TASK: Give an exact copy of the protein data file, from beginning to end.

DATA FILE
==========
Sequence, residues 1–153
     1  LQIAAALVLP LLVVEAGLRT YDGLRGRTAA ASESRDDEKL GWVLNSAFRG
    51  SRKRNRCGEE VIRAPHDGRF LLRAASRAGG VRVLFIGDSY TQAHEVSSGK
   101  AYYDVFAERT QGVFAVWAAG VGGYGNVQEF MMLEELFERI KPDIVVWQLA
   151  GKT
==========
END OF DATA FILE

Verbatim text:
Sequence, residues 1–153
     1  LQIAAALVLP LLVVEAGLRT YDGLRGRTAA ASESRDDEKL GWVLNSAFRG
    51  SRKRNRCGEE VIRAPHDGRF LLRAASRAGG VRVLFIGDSY TQAHEVSSGK
   101  AYYDVFAERT QGVFAVWAAG VGGYGNVQEF MMLEELFERI KPDIVVWQLA
   151  GKT